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Per Theater Chart: '71 is Number One

March 4th, 2015

'71 poster

Only two films were in the $10,000 club at the box office this past weekend, and they were in a close race. '71 led the way with an average of $13,940 in four theaters. Meanwhile, The Hunting Ground was close behind with an average of $12,054 in two theaters.

A ton of other new limited releases arrived over the weekend, but only one of which didn't struggle. That lone film was Eastern Boys, which opened with $5,726 in its one theater. A La Mala opened in nearly 400 theaters and earned an average of $3,651. Given its theater count, this isn't a bad result. It is also the latest film aimed at Hispanics, which is certainly a growing target demographic. Futuro Beach was close behind in terms of its average at $3,324; however, it was only playing in one theater, so this is a much weaker result. Snow Girl and the Dark Crystal opened with an average of $3,076 in 24 theaters. Chinese films are huge in their native market, but they haven't broken into the marketplace here. Next up was Wild Canaries with $2,683 in one theater over the weekend for a total opening of $4,539. Deli Man: The Movie only managed an average of $2,488, but it was playing in 15 theaters, which is a lot for a documentary. The Salvation only opened in two theaters and earned an average of $2,326. Maps to the Stars opened in more theaters than a limited release should (66) and also debuted on Video on Demand, so it should come as no surprise that is really struggled. On the other hand, it avoided the Mendoza Line by earning an average of $2,173, so it could have been worse. Speaking of the Mendoza Line, Farewell to Hollywood failed to reach that mark with $572 in one theater over the weekend and a total opening of $1,803.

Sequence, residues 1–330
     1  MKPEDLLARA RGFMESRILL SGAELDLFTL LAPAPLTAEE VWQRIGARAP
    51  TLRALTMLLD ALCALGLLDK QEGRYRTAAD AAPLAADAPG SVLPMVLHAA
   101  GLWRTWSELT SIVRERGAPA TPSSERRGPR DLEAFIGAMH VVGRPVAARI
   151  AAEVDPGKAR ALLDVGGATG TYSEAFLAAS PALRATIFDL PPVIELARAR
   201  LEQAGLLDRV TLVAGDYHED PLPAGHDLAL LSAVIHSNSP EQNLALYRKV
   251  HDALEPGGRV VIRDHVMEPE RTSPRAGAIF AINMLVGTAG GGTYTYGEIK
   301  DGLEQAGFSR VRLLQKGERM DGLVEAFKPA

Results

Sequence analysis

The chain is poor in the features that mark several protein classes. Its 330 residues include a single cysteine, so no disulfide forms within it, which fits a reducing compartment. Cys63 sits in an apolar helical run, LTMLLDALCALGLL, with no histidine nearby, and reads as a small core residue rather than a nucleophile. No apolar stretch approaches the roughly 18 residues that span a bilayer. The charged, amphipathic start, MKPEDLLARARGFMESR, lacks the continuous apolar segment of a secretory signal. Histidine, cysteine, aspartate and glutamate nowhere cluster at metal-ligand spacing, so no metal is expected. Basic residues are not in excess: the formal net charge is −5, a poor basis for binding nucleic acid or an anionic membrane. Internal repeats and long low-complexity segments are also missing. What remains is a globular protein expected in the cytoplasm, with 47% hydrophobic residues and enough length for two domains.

On a side note, it has come to our attention that the Wikipedia article for the Mendoza Line has cut back on the details, so much so that it doesn't really help people who don't know what that term means. So for a refresher... In baseball terms, the Mendoza Line refers to a batting average that is so low that it doesn't matter how good the player is defensively, they are still a liability for the team. In box office terms, the Mendoza Line refers to a per theater average, $2,000, that is so low that it doesn't matter how good the film's reviews are, or any other factor for that matter, because theater owners will drop the film before word-of-mouth can help its legs. It used to be that if a film opened below the Mendoza Line, it would lose money no matter what. It is becoming less of an issue now, as Video on Demand is becoming more important. If a film premieres on Video on Demand, then its theatrical run is little more than an afterthought.

This past week also saw milestones reached for a few Per Theater Chart alumni:

  • A La Mala opened with more than $1 million, so obviously it hit its first major milestone over the weekend.
  • As expected, Still Alice crossed $10 million over the weekend. It shouldn't have a problem getting to $15 million, but its per theater average is low enough that it likely won't expand significantly beyond this point and will instead start losing theaters.
  • The Theory of Everything topped $35 million over the weekend, but that is likely as far as it will go.
  • Thanks to its Oscar wins, Birdman crossed $40 million over the weekend. This is more than The Expendables 3 finished with, and that film opened in a saturation level theater count.
  • Selma got all the way to $50 million early in the weekend. This is as far as it will go, but this is still fantastic.
  • The Imitation Game reached $85 million over the weekend. This is more than Dumb and Dumber To earned in its entire run. It should get to $90 million and perhaps climb past Heaven is for Real, but it is running out of steam.

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Filed under: Limited Releases, Selma, Maps to the Stars, Birdman or (The Unexpected Virtue of Ignorance), The Theory of Everything, The Imitation Game, Still Alice, ’71, Deli Man: The Movie, Farewell to Hollywood, Eastern Boys, The Salvation, A La Mala, Praia do Futuro, Wild Canaries, Zhong Kui fu mo: Xue yao mo ling, The Hunting Ground